Halfa Kucha Reflection

I took a different approach from most of my pieces of writing when I began constructing my argument for this Halfa-Kucha. I tried to combine aspects from previous assignments namely the tracing pages assignment and the second part of the literacy narrative. Like the tracing pages assignment I tried to build this from the ground up. Because I have digital copies of both Kindred and Stitches, I began by screenshotting various scenes that were related to trauma or recovery, and then I annotated each screenshot. Using the annotations I chose a related Judith Herman quote and began drafting up the structure of the argument. Here, I took inspiration from the second part of my literacy narrative where I try to represent my flow of ideas in an abstract, non-linear way. I drew arrows, concept maps, and webs. Finally I linearized this representation into the series of slides we see above.

For the slides I took a minimalist approach due to the nature of the presentation being just under three and a half minutes. Due to the short time, my words would be dense and important so I did not want to draw attention away from the argument by having ornate slides. Writing the script for this Halfa Kucha was challenging because I did not want to speak fast, because comic panels are already dense and the audience’s’ attention would be split. I tried to take a minimalist approach with my words, and I timed how long it would take to say each slide at a moderate pace.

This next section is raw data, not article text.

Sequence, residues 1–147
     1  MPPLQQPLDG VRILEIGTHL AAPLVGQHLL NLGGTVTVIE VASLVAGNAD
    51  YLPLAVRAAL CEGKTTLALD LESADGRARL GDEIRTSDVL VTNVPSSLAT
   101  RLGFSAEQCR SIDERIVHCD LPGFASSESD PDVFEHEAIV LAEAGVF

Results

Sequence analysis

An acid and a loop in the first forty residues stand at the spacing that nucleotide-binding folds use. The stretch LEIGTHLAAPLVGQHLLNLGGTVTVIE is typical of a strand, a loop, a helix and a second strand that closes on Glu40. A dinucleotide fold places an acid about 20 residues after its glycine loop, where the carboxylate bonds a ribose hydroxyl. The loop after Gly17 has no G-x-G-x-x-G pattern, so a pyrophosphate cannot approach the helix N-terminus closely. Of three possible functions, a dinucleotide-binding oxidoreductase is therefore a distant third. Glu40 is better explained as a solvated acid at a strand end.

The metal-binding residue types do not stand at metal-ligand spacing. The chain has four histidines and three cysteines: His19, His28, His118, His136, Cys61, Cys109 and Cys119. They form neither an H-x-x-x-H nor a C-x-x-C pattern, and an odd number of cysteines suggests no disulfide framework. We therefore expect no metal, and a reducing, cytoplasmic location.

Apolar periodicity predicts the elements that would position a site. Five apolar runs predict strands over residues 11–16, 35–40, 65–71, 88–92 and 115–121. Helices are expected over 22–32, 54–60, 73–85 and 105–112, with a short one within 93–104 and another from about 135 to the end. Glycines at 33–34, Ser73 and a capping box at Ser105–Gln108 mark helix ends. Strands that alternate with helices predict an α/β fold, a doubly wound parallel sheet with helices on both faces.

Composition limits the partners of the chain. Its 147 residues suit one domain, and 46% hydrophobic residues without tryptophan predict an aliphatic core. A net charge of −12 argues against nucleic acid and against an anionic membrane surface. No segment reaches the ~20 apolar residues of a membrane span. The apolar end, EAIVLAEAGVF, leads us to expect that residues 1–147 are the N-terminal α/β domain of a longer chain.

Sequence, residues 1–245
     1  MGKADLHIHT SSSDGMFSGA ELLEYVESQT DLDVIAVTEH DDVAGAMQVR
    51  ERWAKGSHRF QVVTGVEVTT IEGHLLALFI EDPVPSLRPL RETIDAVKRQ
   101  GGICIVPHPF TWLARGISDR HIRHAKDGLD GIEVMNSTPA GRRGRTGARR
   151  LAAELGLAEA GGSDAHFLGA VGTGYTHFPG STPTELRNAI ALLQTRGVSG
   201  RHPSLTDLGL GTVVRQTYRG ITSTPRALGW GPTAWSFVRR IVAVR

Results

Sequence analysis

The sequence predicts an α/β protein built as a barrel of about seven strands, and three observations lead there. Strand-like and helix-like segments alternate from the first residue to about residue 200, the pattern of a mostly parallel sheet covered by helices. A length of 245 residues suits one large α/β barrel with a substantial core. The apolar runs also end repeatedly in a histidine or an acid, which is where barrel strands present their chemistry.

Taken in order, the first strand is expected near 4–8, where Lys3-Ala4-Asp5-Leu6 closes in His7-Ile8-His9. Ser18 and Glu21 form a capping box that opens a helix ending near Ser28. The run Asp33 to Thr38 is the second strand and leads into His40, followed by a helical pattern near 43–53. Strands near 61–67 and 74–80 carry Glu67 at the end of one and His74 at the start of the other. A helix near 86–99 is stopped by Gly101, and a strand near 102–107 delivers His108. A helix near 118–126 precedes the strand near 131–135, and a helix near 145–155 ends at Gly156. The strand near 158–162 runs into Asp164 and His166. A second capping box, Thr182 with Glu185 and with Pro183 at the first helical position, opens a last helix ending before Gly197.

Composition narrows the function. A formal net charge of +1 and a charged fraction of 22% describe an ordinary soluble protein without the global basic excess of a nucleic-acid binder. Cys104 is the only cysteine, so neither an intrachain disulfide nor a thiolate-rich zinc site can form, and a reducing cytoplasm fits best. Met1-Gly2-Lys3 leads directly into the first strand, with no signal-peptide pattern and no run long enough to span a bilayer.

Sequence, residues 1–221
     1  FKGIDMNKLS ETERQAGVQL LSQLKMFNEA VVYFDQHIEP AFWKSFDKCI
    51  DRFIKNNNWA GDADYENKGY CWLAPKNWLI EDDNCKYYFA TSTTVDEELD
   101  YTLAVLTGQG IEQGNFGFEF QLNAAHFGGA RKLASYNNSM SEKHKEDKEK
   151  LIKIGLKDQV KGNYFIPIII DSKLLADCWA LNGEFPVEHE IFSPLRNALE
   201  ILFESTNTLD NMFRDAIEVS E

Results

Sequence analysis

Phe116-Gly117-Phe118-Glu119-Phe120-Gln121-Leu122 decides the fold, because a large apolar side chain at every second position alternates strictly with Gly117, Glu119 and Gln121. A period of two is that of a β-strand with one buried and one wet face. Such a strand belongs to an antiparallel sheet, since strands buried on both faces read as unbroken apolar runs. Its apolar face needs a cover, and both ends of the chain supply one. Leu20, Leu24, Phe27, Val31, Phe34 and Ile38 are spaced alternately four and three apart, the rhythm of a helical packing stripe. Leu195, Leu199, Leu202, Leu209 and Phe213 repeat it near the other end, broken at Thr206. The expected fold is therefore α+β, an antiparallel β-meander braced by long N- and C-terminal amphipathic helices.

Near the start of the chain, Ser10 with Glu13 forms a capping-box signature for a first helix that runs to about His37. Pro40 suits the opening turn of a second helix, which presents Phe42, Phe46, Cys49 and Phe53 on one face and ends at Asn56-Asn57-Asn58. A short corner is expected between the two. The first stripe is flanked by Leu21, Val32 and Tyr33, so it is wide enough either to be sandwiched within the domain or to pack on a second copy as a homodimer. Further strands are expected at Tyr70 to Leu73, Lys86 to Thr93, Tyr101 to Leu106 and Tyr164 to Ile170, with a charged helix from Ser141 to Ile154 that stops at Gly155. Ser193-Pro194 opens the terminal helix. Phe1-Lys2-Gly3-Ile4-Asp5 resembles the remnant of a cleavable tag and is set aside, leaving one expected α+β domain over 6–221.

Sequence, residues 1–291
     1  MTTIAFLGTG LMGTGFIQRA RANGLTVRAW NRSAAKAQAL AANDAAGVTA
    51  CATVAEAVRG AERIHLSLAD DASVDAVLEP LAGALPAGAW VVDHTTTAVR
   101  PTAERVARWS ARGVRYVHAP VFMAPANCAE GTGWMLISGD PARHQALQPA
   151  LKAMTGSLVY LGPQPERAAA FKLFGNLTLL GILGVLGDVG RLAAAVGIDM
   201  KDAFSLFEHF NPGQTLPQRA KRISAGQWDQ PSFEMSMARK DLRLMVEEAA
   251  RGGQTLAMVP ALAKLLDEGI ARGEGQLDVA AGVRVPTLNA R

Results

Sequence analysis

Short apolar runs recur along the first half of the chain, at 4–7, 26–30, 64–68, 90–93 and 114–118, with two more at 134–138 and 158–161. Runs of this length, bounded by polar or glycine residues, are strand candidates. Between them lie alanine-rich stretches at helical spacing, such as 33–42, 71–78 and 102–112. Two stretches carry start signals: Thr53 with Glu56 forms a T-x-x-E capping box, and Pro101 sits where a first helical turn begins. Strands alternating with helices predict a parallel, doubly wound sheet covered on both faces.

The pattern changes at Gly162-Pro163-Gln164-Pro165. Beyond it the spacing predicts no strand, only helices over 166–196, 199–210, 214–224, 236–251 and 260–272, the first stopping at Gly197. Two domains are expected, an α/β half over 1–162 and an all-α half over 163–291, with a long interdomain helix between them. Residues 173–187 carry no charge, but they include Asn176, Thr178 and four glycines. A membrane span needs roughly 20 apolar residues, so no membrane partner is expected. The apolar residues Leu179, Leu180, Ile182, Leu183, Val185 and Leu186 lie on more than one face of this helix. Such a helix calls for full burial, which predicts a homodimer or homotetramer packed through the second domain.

Overall I liked this presentation style because it forced you to be minimalist, making sure every choice I took served a purpose. I also think the way I went about constructing this argument was more aligned with how I think, so I will definitely be using a similar method in the future. One thing that I might change in a different setting is getting rid of the timing and making it just slightly less scripted to make have a more conversational tone for certain audiences.

Halfa Kucha Reflection